I should’ve known that just as I started feeling confident about fungus gnat treatments, another pest would come my way. But this time, it’s much worse. About two weeks ago I discovered very small white and black bugs on my philodendron and my monstera. I’d noticed some damage on the leaves, so I was keeping my eyes on these two large plants. Eventually I noticed that if I looked at the leaves long enough, the specs that I thought were dust started moving. Some quick research helped me identify that they’re thrips. I was initially devastated, until I convinced myself that this is all a part of being a plant parent. If I’ve learned anything in my plant journey, it’s that perfection doesn’t exist, bumps in the road are inevitable, and it’s how you handle the challenges that really matters. So, after a good amount of time spent researching thrips and how to handle them, I’ve established a care routine that will last me the next couple of months. I wanted to share some of the things I’m trying, and I’ll be sure to keep you updated on how effective this routine is.
My criteria for establishing an anti-thrips plant care routine was simple:
- The routine must be safe for kids and pets (no chemicals that will be harmful to my loved ones!).
- The materials must be available in Canada (many insecticides are difficult or impossible to acquire north of the border).
- The steps need to be easy to execute, and bring me the same joy as regular plant care. This hobby is a labour of love, but if it becomes stressful I’ll need to reevaluate if the plant is worth saving.
The first step was to isolate the affected plants, drag them outside and hose them down. The two plants that I’ve found the thrips on are my largest plants. Truth be told, I think I’ll hose down my other plants too, just to be safe (I’ll likely do them in the bathtub). Hosing the plants off will knock off the mature bugs and larvae quickly and easily, so doing this as a first step helps you get a good head start on eliminating the thrips. Be sure to hose down the fronts and backs of the leaves, as those little suckers like to hang out on the undersides of leaves as well!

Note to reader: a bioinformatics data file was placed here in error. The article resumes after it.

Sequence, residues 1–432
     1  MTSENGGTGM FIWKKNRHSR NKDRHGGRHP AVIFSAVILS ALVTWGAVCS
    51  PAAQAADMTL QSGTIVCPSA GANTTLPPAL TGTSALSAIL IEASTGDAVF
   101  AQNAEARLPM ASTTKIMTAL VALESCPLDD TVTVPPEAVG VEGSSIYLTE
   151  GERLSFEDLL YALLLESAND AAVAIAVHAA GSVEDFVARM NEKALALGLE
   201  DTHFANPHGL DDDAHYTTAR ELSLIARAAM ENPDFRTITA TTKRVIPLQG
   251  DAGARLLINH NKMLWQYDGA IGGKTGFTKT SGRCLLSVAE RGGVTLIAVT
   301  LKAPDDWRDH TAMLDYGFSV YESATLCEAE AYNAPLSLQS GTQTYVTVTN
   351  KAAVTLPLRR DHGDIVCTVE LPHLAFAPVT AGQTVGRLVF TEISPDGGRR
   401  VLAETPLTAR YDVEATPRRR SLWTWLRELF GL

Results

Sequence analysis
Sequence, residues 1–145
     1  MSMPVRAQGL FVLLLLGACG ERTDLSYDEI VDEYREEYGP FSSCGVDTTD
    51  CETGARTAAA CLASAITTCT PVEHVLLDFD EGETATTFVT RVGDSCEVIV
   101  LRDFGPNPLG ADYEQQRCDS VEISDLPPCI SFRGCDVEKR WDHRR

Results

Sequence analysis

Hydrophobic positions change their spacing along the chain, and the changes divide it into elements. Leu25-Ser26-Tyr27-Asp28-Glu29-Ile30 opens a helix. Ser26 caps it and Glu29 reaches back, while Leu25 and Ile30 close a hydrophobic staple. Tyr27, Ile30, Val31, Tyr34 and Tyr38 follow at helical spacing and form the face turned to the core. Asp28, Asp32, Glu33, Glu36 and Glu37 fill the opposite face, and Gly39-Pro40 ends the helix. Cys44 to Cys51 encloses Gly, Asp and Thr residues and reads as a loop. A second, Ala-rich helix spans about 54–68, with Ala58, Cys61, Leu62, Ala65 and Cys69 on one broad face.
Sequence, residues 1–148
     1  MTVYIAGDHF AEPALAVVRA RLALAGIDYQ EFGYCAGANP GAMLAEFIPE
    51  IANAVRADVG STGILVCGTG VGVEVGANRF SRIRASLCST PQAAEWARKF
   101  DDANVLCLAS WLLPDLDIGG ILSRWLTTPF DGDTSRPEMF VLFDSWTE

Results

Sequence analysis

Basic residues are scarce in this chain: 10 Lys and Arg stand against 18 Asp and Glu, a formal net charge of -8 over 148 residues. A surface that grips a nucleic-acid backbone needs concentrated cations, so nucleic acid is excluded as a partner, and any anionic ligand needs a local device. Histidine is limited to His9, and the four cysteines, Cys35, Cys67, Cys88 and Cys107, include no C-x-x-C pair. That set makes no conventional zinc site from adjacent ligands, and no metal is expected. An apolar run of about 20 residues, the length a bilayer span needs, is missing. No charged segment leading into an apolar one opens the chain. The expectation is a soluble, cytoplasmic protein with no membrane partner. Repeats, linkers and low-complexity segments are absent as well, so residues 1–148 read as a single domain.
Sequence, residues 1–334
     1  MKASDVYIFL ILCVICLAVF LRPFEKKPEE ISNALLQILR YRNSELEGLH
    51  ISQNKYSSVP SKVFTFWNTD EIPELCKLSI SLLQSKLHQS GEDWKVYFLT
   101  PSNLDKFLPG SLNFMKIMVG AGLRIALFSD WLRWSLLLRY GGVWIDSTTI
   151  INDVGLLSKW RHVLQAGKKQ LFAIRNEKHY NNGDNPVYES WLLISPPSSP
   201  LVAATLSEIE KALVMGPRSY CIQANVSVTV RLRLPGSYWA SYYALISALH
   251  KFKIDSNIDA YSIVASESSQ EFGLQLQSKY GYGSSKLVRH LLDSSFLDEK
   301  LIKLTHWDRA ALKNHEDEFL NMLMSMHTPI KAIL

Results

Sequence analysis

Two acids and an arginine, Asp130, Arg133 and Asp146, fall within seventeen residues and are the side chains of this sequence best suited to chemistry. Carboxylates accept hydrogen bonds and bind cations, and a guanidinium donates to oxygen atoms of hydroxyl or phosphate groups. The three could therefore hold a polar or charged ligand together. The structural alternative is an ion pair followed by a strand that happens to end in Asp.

Next, I sprayed the leaves with a mixture of dish soap and water. I put about a tablespoon of dish soap in a spray bottle of water (an old household cleaner bottle that I’ve rinsed and reused). According to my research, you can use dish soap instead of purchasing insecticidal soap. I’ve read some conflicting articles about whether soap and water is enough to do the job on its own, so I’m considering adding a bit of vegetable oil to the mix if I don’t start to see the results I’m hoping for. After spraying the leaves (front and back) and letting the mixture sit for a while, I wipe as much of the plant as I can with a soft cloth.
The next step involves polishing the leaves with my own blend of leaf shine spray. This is a spray that I use regularly to dust the leaves (which aids in photosynthesis), and I like to think that it gives my plants a little TLC after their thrips treatment. The recipe I use in a spray bottle is:
30 drops neem oil
15 drops rosemary
3 drops peppermint oil
I fill the rest of the small spray bottle with water, and shake the bottle well every few sprays. I use a soft cloth to polish the leaves after spraying.
The final step is to use a sticky trap in the plants. These will capture any mature thrips that are flying around. I’ve put these traps in some of my other plants as well, in order to monitor them!I plan on sticking to this routine throughout the summer. I’m not sure at what point I will bring the affected plants back near the rest of my collection. Safe to say I’ll need to be really confident that they’re free of thrips before reintroducing them into the general population. If you have any advice, I would love to hear it!! Add a comment below, or visit us on social media. I am more than willing to try the things that have worked for you, as I’d really love to save these plants if it’s possible!